Some ground rules for comments: this should be obvious by now, but I will tolerate absolutely no disparaging, insulting, or ablist comments. I would also like this not to get derailed by arguments about Flibanserin itself—that’s old news and we don’t need to rehash it here. (If you really want to talk about it, I guess you could dig up the dead threads on some forum, but I wouldn’t recommend that either, honestly.) What I’d like to see addressed here is how our communities can become aware of and accepting of one another, so that we can work together without any nastiness coming from either side. Whether deliberate or otherwise. So please, by all means, check your privilege before posting a comment.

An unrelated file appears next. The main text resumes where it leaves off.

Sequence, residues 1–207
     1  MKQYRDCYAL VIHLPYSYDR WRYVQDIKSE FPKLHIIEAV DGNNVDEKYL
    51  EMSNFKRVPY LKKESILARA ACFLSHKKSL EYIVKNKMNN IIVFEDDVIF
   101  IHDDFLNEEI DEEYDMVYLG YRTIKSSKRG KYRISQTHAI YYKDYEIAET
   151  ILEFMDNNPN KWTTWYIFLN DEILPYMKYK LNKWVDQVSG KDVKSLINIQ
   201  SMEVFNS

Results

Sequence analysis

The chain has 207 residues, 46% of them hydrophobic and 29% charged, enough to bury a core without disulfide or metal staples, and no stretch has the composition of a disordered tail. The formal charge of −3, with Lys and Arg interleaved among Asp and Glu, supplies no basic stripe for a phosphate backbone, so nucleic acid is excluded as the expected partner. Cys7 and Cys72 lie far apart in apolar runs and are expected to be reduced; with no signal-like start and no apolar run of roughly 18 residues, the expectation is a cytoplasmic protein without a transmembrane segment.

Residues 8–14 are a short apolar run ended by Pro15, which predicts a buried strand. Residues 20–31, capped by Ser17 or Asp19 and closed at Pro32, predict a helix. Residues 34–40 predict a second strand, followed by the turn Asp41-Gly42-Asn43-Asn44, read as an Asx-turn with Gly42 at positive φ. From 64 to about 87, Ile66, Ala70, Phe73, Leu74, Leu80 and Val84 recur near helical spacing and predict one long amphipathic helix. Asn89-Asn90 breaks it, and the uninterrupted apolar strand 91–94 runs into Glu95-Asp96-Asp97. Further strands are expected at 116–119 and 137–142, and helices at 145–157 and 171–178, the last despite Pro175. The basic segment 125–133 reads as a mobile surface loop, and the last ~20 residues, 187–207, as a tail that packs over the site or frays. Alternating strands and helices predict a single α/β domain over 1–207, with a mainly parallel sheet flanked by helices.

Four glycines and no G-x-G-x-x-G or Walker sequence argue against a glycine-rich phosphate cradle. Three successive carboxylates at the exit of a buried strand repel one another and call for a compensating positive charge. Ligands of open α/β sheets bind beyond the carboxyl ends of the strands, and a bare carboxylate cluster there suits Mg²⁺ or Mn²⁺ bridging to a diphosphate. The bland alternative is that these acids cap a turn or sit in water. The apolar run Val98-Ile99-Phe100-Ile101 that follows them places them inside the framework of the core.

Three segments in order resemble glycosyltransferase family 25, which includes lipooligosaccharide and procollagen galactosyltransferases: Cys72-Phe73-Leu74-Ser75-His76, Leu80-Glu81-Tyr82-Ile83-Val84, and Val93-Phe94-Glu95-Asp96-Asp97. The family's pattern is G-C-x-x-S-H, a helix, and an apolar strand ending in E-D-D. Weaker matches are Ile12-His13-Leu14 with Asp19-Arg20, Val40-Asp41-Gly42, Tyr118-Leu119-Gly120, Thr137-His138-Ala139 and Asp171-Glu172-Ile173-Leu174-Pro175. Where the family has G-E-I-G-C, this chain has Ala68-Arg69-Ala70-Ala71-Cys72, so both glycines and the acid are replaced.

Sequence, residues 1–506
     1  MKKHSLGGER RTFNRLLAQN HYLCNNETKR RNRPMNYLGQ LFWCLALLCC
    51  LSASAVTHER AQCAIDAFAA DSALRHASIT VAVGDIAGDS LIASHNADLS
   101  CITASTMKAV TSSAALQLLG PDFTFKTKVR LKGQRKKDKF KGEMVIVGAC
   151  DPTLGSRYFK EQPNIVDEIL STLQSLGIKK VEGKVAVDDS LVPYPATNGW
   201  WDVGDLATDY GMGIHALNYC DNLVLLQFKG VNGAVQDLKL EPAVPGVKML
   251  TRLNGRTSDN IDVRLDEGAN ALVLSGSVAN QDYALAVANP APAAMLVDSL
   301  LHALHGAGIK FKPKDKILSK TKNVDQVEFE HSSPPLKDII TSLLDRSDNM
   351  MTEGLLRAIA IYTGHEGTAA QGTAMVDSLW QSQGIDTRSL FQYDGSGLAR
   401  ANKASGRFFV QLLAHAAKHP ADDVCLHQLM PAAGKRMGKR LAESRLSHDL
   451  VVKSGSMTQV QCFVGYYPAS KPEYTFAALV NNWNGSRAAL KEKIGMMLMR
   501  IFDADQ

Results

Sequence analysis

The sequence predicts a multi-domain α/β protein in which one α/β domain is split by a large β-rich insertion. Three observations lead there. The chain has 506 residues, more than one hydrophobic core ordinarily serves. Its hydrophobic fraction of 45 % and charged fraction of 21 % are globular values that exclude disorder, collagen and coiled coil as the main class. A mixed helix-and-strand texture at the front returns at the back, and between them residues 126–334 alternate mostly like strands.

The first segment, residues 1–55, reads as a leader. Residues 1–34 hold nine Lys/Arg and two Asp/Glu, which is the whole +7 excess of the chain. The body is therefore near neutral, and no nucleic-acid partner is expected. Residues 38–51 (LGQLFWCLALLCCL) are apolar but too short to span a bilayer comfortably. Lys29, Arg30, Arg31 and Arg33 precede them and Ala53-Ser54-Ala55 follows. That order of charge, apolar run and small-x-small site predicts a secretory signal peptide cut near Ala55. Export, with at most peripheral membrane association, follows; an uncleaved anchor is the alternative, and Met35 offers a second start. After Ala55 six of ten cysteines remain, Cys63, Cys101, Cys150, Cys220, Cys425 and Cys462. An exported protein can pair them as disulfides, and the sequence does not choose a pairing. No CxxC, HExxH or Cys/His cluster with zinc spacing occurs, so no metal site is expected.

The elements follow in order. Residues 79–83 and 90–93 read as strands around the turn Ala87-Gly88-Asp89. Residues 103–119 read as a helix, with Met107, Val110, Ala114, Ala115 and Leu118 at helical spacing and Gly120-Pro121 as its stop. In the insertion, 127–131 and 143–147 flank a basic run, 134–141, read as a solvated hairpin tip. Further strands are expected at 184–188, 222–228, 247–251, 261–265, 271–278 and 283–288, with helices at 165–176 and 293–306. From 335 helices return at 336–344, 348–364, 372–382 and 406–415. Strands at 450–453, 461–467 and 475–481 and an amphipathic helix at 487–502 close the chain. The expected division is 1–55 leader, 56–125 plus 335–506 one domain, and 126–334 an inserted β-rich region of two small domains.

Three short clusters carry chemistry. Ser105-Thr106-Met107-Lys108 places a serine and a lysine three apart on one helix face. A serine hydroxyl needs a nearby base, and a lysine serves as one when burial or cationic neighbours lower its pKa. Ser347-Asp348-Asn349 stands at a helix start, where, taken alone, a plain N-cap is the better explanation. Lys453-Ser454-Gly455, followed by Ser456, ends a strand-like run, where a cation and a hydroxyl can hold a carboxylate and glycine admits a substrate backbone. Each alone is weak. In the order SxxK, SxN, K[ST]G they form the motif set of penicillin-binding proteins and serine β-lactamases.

(By the way, I’d also like to mention that if you are a person who is both asexual and also has a sexual dysfunction, I’d like to hear from you, too! Please contact me at grasexuality [at] gmail.com if you would be interested in making a guest post.)
I am a feminist blogger living with female sexual dysfunction, specifically the pain category of FSD. I have vulvodynia, specifically vulvar vestibulitis, (though at the current moment it is fairly well managed,) and some residual pelvic floor dysfunction/vaginismus. I have been blogging about feminism and sexual dysfunction for two years, in part motivated by frustration with mainstream depictions of sexual dysfunction (or the complete lack thereof.) I approach these topics from the perspective of a white, cis het woman. I am not a doctor or therapist in any way shape or form, so most of what I know comes from personal experience (mine and that of others) & what I’ve read. While I feel I have made good faith efforts to do my homework, what I say should still be taken with a grain of salt, and I do not claim to speak for anyone save myself. Today I am here to try to answer some questions about sexual dysfunction that were raised on a+, regarding sexual dysfunction and flibanserin.